1. Brian Rebar

    Well done! I was like, “how is she going to write a reflection about this?” And you did it! And with one of my favorite things to think about! Jesus’ humanity! If He wasn’t fully God AND fully man, it’d be a lot harder to relate I think. I used to keeps His humanity in my mind all the time and it helped me to cling to Him when I felt alone in my trials. I really need to do that more. I can feel so much more strong and I’ll have so much more help if I remind myself of His humanity. He’s everyone’s own personal Counselor. That’s one of His many titles, because He’s been there.

    • Thank you sir! I opened up the gospel reading and was immediately like, oh. Crap. And then I was like, “you will not conquer me, genealogy!!”

      Anyways…I love the fact that you mentioned keeping his humanity in your mind all the time. I used to do that too, I think. It’s so much easier to make it through a day when you know someone out there has experienced what you are feeling. That’s part of the appeal to a lot of music. It’s even more powerful when that person is God. Our God isn’t a cheesy, happy go lucky, God, nor is he unreachable and divine. He was just like us–he chose to be just like us–and experienced life just as we do. I like that title too, Jesus the Counselor. 🙂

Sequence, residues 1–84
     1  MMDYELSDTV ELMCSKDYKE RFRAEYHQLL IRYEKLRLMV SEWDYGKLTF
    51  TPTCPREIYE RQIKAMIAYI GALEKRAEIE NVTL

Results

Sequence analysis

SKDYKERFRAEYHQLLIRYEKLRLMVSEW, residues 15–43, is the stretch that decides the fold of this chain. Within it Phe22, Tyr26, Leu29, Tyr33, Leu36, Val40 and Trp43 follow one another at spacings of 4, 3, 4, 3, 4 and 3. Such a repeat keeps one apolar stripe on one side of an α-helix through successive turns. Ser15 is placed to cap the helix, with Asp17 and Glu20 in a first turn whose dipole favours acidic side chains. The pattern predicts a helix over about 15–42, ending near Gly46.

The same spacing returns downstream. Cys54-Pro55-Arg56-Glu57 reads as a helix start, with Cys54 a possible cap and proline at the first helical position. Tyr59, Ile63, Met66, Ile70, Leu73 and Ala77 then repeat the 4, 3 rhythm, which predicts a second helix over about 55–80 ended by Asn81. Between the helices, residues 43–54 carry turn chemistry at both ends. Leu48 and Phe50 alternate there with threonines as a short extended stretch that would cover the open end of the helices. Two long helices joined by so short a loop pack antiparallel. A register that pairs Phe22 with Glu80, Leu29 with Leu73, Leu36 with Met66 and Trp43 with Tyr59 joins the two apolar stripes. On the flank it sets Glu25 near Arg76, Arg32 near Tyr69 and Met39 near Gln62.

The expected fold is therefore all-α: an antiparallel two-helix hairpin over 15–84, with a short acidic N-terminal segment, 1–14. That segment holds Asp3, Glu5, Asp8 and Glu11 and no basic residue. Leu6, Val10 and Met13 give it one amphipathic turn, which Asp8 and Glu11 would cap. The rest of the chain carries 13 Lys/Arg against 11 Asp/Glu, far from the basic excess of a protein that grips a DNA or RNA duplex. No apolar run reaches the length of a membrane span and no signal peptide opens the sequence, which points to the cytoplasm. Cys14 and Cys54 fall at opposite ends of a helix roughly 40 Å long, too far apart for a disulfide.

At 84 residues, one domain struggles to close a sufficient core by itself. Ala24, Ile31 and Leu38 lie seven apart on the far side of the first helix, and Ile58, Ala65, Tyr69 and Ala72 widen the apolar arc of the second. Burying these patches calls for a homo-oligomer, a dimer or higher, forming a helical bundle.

• Brian Rebar

        That’s a good point about the music! I went to music to find someone who was feeling what I was feeling a lot. Not so much anymore, partially because I’ve become more about the music and less about the lyrics. And partially because my relationship with God is different now than it was in high school, very different. I feel like sometimes we make music a God. I’ve definitely fallen to that and I know a lot of Christians who play music that may be struggling with that too. When we rely on music for emotional healing we need to be very careful. When we recognize that it is God working through the music that heals us but when we unknowingly exclude God from the situation and only focus on the music, that it is when it is wrong and idolatrous. Kind of a tangent there.

        • We can make so many things a God! For me, personally, I don’t really struggle with making music a God. I focus on the lyrics more than the musical quality (because I am more a writer and less a musician). I think that when I listen to music that reflects something I am feeling, it isn’t about the music, it’s about the person on the other end. And that’s okay. Feeling comforted by a shared experience is okay, even good and beautiful, I think. I don’t think that’s idolatrous.

          • Brian Rebar

            Definitely. Getting our help from our fellow man is not idolatrous. God wants us to help each other. 🙂

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